Examine overall level of and variation in local health department (LHD) use and perceived impact of the County Health Rankings report (Rankings) in Florida (2010, 2011) and North Carolina (2010-2012, 2013).
Two cross-sectional surveys among LHDs.
Local health directors and relevant staff.
Use of the Rankings was measured by asking respondents if their LHD had used the Rankings in any of 10 ways and through assessment of community engagement. Perceived impact was measured by amount of attention the Rankings received from various stakeholders and whether they had already produced or would likely produce any of 7 possible results.
Overall, LHDs used the Rankings most often to educate staff in Florida (78%) and North Carolina (56%). Engagement with community groups around the Rankings was variable. Media engagement, through press releases (41%; 40%) or interviews (51%; 36%) in Florida and North Carolina, was moderate. Florida LHDs used the Rankings in more ways and significantly more frequently than North Carolina LHDs. There were few significant differences in perceived impact by state. At least a moderate amount of attention was received from media in Florida (52%) and North Carolina (46%). Twenty-percent of LHDs reported the Rankings received at least moderate attention from the general public in both states and 38% (Florida) and 33% (North Carolina) from policy makers. Tangible benefits to communities from the Rankings, such as having already influenced adoption of new policies, were modest in Florida (3%) and North Carolina (11%).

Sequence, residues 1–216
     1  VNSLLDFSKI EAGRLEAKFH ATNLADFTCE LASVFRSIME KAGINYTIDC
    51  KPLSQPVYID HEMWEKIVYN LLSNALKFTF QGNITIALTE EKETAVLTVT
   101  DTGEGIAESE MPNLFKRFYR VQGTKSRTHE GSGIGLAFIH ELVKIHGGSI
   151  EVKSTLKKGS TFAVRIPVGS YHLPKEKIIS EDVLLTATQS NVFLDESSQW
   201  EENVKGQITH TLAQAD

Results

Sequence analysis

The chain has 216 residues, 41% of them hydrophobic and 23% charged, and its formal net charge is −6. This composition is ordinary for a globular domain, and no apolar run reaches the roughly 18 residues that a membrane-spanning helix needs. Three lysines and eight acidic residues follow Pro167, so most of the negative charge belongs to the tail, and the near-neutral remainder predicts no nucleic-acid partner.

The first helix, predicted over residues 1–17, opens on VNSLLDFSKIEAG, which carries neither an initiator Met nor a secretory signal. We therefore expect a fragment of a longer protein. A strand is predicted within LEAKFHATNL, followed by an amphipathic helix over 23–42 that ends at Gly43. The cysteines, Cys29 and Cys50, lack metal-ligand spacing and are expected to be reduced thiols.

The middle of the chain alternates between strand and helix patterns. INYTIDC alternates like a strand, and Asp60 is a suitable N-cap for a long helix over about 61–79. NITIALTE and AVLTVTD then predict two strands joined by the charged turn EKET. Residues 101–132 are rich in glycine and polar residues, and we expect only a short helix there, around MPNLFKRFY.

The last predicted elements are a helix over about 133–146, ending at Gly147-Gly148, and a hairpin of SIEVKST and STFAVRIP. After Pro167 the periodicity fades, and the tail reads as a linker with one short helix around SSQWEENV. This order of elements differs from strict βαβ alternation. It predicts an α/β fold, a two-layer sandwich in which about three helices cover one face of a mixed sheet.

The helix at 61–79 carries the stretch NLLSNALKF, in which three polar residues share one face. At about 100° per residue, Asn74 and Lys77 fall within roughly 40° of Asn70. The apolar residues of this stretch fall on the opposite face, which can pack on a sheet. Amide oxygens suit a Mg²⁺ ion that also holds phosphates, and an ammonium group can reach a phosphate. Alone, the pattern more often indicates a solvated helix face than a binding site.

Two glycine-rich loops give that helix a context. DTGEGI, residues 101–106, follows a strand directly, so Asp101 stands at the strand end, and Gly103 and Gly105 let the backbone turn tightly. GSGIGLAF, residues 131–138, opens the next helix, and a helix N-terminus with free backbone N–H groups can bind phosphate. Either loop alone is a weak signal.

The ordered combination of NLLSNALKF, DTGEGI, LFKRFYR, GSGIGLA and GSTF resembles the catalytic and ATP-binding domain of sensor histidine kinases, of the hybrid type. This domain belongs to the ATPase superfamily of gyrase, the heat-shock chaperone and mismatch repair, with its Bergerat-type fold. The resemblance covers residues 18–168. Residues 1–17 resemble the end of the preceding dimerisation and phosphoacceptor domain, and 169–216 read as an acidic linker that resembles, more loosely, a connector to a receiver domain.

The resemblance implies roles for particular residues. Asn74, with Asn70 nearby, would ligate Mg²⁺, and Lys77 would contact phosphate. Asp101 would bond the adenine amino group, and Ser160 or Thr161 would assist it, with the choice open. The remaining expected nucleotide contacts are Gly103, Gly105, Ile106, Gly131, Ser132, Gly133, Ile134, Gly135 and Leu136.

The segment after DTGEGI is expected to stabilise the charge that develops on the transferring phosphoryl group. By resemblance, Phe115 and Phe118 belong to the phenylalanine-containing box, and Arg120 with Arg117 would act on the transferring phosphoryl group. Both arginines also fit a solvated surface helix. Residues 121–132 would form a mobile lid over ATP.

Results suggest that tangible benefits to communities from use of the Rankings have yet to be fully realized but are encouraging. More effective media engagement could produce the community awareness necessary to maximize the Rankings' potential to mobilize communities for health improvement. State variation in Rankings use suggests that more support to LHDs may be helpful.
This article uses cross-sectional surveys among local health departments (LHDs) to examine overall level of and variation in LHD use and perceived impact of the County Health Rankings report in Florida and North Carolina.
Department of Public Health, Brody School of Medicine (Drs Winterbauer, Rafferty, and Jones and Ms Tucker), and School of Communication (Dr Tucker-McLaughlin), East Carolina University, Greenville, North Carolina.
Correspondence: Nancy L. Winterbauer, PhD, Department of Public Health, Brody School of Medicine, East Carolina University, 600 Moye Blvd, Mailstop 660, Lakeside Annex 8, Greenville, NC 27834 (firstname.lastname@example.org).
The authors are grateful for the generous support of the Robert Wood Johnson Foundation and the University of Wisconsin Population Health Institute in the conduct of this research. The authors are also thankful for the time and insights shared by participants.
The authors declare no conflicts of interest.